Scarlett’s Letter August 15, 2013

I made it to an advanced yoga class this morning, it was exhilarating. I’ll be feeling it, for sure, for the next couple of days. Very worth the effort of getting up early, getting things together and heading out the door before work.

This evening was the “Dress to the Vines” event at Jessup Cellars Gallery. Mom and I got all gussied up and set out a bit on the early side. Mom stresses out a little about “traffic”. I find it amusing. At every stop light, if there are more than three cars, she exclaims “Here they all are!” I will sometimes alter my route for dense traffic, in a large city I am well acquainted with, where I know I can a) save significant time and/or b) I can keep moving. There is something about keeping moving, even if it adds a minute or two to the overall travel time, that I find preferable. In Napa? Traffic worth a detour? Joke.

So we arrived at the winery, which is twenty minutes from our house, oh, about an hour early. They closed two minutes before our arrival to prepare for the event, so we couldn’t even go in and have a glass of wine while we waited. It was hot out and even hotter in Mom’s “air conditioned” car. The A/C works on the passenger side, but not on the driver’s side. And she has leather seats. I needed another shower. I sweat more on the twenty minute drive to the winery than I did in an hour and a half of strenuous “advanced” yoga in a heated studio.

We sought respite with a cold beer in the bar of a popular Yountville restaurant across the street. Redd Wood. Mom has been wanting to try it, but after our visit, I’m not so sure. She thought it was ugly inside. I rather liked it, I thought the architecture, design and decor were pretty cool.  The menu looked great, too. She couldn’t understand the layout or why there were so many employees and no guests. It was 5:03 PM. The bartender said they were booked solid every night, beginning at about 7:00. I’m going back.

Salumi, cheese and wine before the event at Jessup Cellars.
Salumi, cheese and wine before the event at Jessup Cellars.

We ventured back across the street a few minutes before the event was scheduled to start. We were the first to arrive. By far. I felt a little awkward noshing on all the cheese and salumi before any other guests arrived. But we did. And had our first glass of wine. After our beer. We made conversation with all the winery and gallery folks we saw the day before, again, being made to feel very welcomed. The panelists were all there and one of the women looked very, very familiar. In a state with nearly forty million residents and God only knows how many tourists, this time of year, what are the chances?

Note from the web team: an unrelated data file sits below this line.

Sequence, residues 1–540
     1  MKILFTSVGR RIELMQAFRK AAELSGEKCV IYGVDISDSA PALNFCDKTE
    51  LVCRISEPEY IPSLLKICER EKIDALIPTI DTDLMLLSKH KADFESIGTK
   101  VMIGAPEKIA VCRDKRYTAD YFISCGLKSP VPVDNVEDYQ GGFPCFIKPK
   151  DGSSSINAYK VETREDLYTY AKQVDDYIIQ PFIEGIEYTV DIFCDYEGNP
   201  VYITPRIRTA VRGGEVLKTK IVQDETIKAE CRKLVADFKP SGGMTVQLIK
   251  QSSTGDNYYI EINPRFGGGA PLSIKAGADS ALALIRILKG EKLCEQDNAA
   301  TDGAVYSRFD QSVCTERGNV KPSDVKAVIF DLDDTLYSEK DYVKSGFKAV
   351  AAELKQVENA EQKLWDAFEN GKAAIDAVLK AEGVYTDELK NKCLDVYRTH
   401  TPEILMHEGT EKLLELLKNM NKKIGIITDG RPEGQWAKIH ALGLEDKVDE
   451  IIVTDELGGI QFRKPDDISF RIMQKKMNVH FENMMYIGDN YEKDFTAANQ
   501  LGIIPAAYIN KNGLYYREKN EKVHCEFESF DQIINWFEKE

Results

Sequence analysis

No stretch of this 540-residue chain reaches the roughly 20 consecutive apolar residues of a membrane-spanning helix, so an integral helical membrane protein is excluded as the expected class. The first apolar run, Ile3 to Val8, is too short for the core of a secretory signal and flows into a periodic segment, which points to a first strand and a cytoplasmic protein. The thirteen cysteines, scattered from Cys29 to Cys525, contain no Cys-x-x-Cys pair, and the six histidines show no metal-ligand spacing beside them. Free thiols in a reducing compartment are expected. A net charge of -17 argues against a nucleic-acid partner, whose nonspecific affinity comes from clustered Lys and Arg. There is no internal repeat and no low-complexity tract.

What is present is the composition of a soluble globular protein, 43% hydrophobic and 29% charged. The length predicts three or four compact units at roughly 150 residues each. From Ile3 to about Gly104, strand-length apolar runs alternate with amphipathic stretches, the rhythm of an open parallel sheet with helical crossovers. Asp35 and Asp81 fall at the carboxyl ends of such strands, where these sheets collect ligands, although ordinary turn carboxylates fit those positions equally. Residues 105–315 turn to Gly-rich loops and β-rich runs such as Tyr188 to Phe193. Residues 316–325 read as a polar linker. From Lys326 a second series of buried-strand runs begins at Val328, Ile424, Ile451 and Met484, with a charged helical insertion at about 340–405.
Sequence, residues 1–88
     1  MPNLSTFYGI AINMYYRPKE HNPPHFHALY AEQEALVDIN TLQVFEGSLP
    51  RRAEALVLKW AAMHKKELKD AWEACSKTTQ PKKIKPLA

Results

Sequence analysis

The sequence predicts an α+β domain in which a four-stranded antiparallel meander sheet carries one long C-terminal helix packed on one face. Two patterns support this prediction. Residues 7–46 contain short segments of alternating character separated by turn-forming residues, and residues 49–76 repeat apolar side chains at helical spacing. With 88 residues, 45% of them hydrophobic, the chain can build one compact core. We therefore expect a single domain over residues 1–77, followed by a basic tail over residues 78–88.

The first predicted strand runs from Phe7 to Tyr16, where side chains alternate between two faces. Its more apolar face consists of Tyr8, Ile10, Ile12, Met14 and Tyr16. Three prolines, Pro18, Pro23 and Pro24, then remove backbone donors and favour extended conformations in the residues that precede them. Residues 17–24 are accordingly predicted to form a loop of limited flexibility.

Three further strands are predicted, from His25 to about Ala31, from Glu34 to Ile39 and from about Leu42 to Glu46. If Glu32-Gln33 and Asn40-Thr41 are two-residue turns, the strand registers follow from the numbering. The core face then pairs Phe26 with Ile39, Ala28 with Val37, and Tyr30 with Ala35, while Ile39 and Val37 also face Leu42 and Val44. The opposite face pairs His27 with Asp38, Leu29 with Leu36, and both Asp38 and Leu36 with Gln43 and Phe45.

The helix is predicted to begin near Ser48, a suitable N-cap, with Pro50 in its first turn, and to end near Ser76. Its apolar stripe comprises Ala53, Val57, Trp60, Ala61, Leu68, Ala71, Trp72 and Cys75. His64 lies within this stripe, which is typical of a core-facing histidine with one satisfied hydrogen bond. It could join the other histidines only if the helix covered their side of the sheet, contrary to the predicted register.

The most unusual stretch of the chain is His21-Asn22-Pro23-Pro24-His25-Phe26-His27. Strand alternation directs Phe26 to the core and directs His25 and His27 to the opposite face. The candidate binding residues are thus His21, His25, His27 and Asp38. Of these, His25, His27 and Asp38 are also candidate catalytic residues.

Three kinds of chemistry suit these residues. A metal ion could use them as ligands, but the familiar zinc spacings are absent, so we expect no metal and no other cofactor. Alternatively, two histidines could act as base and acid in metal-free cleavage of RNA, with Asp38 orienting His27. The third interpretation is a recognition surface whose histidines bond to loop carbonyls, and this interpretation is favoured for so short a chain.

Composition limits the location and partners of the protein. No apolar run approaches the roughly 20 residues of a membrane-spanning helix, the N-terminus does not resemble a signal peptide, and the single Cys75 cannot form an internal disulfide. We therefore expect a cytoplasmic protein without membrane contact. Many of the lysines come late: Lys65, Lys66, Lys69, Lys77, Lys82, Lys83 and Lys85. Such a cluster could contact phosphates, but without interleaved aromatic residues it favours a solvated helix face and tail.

People began to arrive and stood around chatting with one another with apparent familiarity. Mom wanted to sit, so they let her into the gallery a bit early to choose a seat. I mingled a little longer in the tasting room and then joined Mom in the gallery. The panelist speakers and the moderator were going over some last minute details. It was the moderator that looked familiar, she looked like the mothers of one of the Boy Scouts in a troop I helped lead in a Sacramento suburb several years ago. What are the chances? Finally, I could stand it no longer. Yup, it was her, Melissa Haines, a Wine Consultant based in Sacramento. What a small world.

Wearable art - Jessup Cellars Gallery
Wearable art – Jessup Cellars Gallery
Wearable art - Jessup Cellars Gallery
Wearable art – Jessup Cellars Gallery
Wearable art - Jessup Cellars Gallery
Wearable art – Jessup Cellars Gallery
Wearable art - Jessup Cellars Gallery
Wearable art – Jessup Cellars Gallery

The gallery had been transformed over night; new pieces had been brought in, featuring “wearable” art by Cynthia Carey, Rory Castillo, and Cari Borja. Tables had been set up with notes to review and three wine glasses for some pairings for each guest. Since the theme was fashion, there were a couple of models in gorgeous gowns designed by Colleen Quen of San Francisco, one in the color of champagne, the other in the color of a rich, red wine. The speakers on the panel were all women, Mary Olin, the Wine Fashionista from the Huffington Post, Kaye Cloutman, Editor in Chief of a GEV (Gastronomique en Vogue) magazine and Karri Grant, Consulting Fashion Stylist from Sacramento.  Personally, I loved the “Sacramento” influence here tonight. Way to represent! Sacramento is on the map, make no doubt.

Panelists for Defining Wine Country Fashion: The Who, How, When with Masters of Wine Fashion
Panelists for Defining Wine Country Fashion: The Who, How, When with Masters of Wine Fashion

An Effort to Evolve

Panelists Kaye Cloutman, Editor in Chief of a GEV (Gastronomique en Vogue) magazine and Karri Grant, Consulting Fashion Stylist from Sacramento.
Panelists Kaye Cloutman, Editor in Chief of a GEV (Gastronomique en Vogue) magazine and Karri Grant, Consulting Fashion Stylist from Sacramento.

The highlight of the panelist discussions, for me, was the wine and scent pairing conducted by Mary Orlin. Generally, fragrance and wine are mutually exclusive. Fragrances worn will influence the olfactory senses when tasting wines. So much so, that tasting room personnel are “forbidden” to wear fragrances while working. So to deliberately pair wine and fragrance was sort of a departure from tradition. We were given test strips with different fragrances created by Laurie Erickson of Sonoma Scent Studio to pair with selected Jessup Cellars wines. There were two fragrances for each of the three wines, and they were selected specifically to enhance the unique characteristics and qualities of each wine. Rob Lloyd, the winemaker for Jessup Cellars was on hand to further narrate the pairings. Fascinating and delicious, in every respect. What a divine olfactory experience!

Mary Orlin, Wine Fashionista, Huffington Post - Wine and Perfume Pairing